The FRA is clear: it imposes absolutely no restriction on those employed by the government or by a private entity in claiming rights to forest land under its terms. It only requires that the piece of land in question have been possessed prior to October 13, 2005, and that there have been a bona fide use of forest land for livelihood needs (section 2(c) of the Act). So there is no rationale to the forest department’s insistence that those employed by the government are exempt from the FRA. In fact, the Ministry of Tribal Affairs and the UN Development Programme have published a 30-page FAQ on implementing and utilising the FRA, and it agrees (p. 9): the Act does not discriminate against government employees, whether civilian or military, or their spouses.

District- and block-level officials seem to be arguing that those who are employed elsewhere can’t be dependent for their livelihoods on forests – but this is neither fair nor logical. Several households have one member with a job and another utilising forest resources to augment their income.

In similar vein, the FRA also does not allow the forest department or any public institution to grab land the way sipahis have been in Dang. Section 4(5) of the Act categorically states that “no member of a forest dwelling scheduled tribe of other traditional forest dweller shall be evicted or removed from forest land under his occupation till the recognition and verification procedure is complete” – effectively disallowing the utilisation, transfer, acquisition, etc. of any land to which a claim under the Act is pending, and leaving the forest department’s actions stranded.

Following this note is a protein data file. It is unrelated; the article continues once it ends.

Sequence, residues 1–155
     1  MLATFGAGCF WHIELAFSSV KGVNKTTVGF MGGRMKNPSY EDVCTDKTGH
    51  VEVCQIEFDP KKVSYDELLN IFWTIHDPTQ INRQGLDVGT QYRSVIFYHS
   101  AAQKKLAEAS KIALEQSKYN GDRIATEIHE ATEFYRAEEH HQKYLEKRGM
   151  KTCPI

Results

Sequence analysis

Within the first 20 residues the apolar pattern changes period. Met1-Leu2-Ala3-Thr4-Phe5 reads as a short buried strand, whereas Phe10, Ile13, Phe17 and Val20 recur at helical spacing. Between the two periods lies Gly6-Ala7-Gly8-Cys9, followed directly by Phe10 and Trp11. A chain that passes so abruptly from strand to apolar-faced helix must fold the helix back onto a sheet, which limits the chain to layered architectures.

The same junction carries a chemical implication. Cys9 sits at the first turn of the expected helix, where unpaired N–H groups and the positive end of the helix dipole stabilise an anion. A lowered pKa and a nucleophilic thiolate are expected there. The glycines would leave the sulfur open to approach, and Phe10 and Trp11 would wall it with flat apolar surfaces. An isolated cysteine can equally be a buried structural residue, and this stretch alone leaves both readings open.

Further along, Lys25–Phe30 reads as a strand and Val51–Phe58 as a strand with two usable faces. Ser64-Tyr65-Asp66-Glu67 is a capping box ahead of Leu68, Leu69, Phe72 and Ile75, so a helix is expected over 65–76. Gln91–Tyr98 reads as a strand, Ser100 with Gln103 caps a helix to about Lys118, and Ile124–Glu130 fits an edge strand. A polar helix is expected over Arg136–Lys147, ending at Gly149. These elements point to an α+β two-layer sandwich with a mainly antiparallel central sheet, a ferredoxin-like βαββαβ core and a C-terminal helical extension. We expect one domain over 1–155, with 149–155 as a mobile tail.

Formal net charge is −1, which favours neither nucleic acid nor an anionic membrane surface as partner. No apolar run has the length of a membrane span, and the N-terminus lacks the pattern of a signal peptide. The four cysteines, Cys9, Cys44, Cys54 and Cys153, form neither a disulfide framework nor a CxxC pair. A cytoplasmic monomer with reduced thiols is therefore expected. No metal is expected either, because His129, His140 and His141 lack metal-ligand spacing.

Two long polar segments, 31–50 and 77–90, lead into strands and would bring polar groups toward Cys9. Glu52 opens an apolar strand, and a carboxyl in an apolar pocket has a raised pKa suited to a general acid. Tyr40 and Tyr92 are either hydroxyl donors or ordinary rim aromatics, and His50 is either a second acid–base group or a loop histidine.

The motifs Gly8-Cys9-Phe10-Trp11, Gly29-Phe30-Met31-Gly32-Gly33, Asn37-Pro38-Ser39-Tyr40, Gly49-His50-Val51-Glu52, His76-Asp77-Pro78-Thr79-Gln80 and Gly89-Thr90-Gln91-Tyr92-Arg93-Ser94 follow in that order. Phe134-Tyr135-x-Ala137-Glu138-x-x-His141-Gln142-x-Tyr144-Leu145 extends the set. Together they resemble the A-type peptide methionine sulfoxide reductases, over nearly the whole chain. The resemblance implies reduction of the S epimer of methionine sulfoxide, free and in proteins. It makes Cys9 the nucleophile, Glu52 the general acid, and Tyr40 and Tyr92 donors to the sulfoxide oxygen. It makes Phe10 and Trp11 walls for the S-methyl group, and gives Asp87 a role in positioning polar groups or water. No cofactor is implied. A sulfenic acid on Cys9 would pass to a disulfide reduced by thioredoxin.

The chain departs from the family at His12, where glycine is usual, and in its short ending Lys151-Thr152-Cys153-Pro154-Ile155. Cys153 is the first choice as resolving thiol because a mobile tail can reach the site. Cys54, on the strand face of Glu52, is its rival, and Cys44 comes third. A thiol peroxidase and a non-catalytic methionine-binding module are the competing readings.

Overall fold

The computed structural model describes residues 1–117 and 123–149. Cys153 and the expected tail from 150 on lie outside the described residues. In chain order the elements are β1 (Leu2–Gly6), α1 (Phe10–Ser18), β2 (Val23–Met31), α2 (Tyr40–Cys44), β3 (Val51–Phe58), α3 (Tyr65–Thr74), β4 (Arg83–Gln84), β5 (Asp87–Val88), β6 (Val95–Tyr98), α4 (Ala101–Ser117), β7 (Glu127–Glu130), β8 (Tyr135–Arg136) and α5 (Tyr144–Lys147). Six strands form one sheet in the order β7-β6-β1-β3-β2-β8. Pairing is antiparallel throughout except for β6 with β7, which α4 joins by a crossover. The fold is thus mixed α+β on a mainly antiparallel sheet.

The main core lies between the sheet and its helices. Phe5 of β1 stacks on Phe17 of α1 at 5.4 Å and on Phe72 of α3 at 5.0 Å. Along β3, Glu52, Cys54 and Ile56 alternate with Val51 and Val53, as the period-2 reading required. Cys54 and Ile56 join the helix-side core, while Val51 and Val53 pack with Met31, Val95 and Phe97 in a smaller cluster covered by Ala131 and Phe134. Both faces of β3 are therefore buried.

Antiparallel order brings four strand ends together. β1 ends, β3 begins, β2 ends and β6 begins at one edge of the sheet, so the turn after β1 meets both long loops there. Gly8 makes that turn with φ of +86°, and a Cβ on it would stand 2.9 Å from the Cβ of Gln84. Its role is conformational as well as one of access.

Such brazen violation of the law betrays a systematic attempt to dilute the FRA, reducing it to a symbol rather than a tool of empowerment. By limiting the eligibility of claimants, often on frivolous and illegal grounds, and by forcibly denying access to claimed lands, the local government is trying to bring down the number of FRA claims and bring down the number of approved claims further. A 2016 study by the Community Forest Rights – Learning and Advocacy Group pointed out that by 2016, only 44% of individual claims to forest rights had been approved in Gujarat – a fraction the study called “inadequate” if only because the number of pending claims exceeded 100,000.

Such widespread denial of rights is part of the the ‘Vibrant Gujarat’ messaging, in which the forests are essential to a growing industrial state and in which Adivasis are a barrier to such ‘vibrancy’. If this is going to continue to be the case, it’s unlikely the FRA will be implemented the way it has to be unless the judiciary intervenes. Until then, Laxmanbhai, Somabhai and Kedabhai will have no relief other than in the loose camaraderie between those at the receiving end of a state’s apathy.

Tanay Gandhi and Nikita Sonavane are research fellows at the Centre for Social Justice, Ahmedabad. This piece was made possible by vital inputs from Jayshree Deshmukh, Ramesh Dhoom, Umesh Bhoye, Sajid Fumti, Minaxi Patel and Hansa Suvera (all engaged with the Centre for Social Justice, Ahmedabad), and Laxmanbhai Kharadi in Meghraj and Somabhai Barde in Neempada.